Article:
Why you shouldn’t settle for commercial off the shelf (COTS) chipsets

by Shai Yaniv | Apr 19, 2017 5:40:00 AM

In the telecom world, equipment manufacturers often face the dilemma of buying “commercial off the shelf” (COTS) chipsets as opposed to developing network processors in-house. While buying ready-made COTS chipsets from third-party vendors can reduce costs and shorten the R&D process, it can also limit a platform’s functionality and the ability to fully customize a solution. For this reason, a number of high-end routing platforms such as Alcatel-Lucent (now part of Nokia) and Cisco have moved from COTS to home-grown network processes.

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How can you gain more capacity while saving on tower leasing fees?

by Tim Egan | Apr 19, 2017 5:37:19 AM

The costs involved in the leasing of cell tower space for antennas can be high and depend on various factors including site location, the size and weight of your antennas, and how much wind torque your antennas add to the tower structure.

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The Benefits of Developing Chips In-House

by Dudy Cohen | Jun 23, 2016 8:48:44 AM

When Microsoft CEO Steve Ballmer infamously declared in 2007, “There’s no chance that the iPhone is going to get any significant market share. No chance,” Steve Jobs was forming the chip design team that would make his name and Apple’s iPhone a part of technological legend. These very chip designing capabilities, which Jobs astutely brought in-house, have enabled Apple to maintain the massive moat between itself and an entire industry.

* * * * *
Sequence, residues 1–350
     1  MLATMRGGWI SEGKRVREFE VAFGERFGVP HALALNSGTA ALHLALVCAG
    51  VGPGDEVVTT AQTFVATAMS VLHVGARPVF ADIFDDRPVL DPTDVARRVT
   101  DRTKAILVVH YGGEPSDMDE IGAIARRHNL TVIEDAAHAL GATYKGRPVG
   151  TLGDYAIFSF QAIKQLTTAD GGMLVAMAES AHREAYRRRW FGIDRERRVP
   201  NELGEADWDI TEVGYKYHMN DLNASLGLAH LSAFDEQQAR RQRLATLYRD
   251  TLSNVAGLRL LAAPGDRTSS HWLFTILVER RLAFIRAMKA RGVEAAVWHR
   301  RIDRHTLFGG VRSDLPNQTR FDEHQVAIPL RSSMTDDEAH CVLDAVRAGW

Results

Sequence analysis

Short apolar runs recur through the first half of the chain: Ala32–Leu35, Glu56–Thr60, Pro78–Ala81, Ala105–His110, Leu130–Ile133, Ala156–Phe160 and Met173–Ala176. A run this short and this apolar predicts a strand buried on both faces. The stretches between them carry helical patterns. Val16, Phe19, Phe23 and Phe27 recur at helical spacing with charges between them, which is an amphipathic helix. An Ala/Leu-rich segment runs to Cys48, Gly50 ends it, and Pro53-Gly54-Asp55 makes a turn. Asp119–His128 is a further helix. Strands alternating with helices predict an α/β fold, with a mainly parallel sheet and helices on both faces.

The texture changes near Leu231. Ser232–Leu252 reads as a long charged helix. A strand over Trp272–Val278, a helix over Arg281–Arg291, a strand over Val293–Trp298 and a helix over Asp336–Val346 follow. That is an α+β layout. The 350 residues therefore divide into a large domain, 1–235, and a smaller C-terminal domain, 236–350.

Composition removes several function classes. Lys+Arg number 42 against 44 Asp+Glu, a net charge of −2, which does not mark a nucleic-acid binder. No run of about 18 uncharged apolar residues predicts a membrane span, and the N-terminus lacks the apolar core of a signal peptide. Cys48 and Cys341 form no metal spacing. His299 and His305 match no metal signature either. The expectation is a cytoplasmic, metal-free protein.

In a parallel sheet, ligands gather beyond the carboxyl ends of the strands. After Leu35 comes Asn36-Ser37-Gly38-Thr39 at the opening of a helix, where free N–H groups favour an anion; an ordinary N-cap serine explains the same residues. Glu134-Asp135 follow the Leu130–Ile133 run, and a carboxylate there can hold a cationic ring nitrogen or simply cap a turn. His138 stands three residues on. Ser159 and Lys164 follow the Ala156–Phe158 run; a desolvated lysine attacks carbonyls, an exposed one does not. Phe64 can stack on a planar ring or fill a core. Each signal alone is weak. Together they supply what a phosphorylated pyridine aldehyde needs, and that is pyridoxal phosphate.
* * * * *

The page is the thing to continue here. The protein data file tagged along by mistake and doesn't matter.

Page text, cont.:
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Enabling mission-critical multimedia services to first responders and rescuers

by Tim Egan | Aug 18, 2015 3:57:31 AM

You know the saying, “when the going gets tough, the tough get going?” That’s exactly what first responders need to do in emergencies or developing events. They need to be able to act responsibly and quickly, streaming real-time HD video to remote command and control centers, apprising them of situational awareness. In this way, those in charge can assess what’s happening and dispatch the right team, at the right time, on time.

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Deploying Microwave Links in Licensed and Unlicensed Spectrum

by RonenToledano | Sep 25, 2013 9:51:57 AM

What are the practical differences between licensed spectrum and unlicensed spectrum for deploying microwave links?

Licensed microwave spectrum is found in the 6-42GHz range (with some minor exceptions). Spectrum below 6GHz and above 42GHz (6-38GHz in North America), is generally unlicensed. As its name implies, licensed spectrum must be obtained from the licensing body of a country/state/locale. Depending on demand and other factors, licenses for spectrum can be costly while there is no licensing cost to use unlicensed spectrum.

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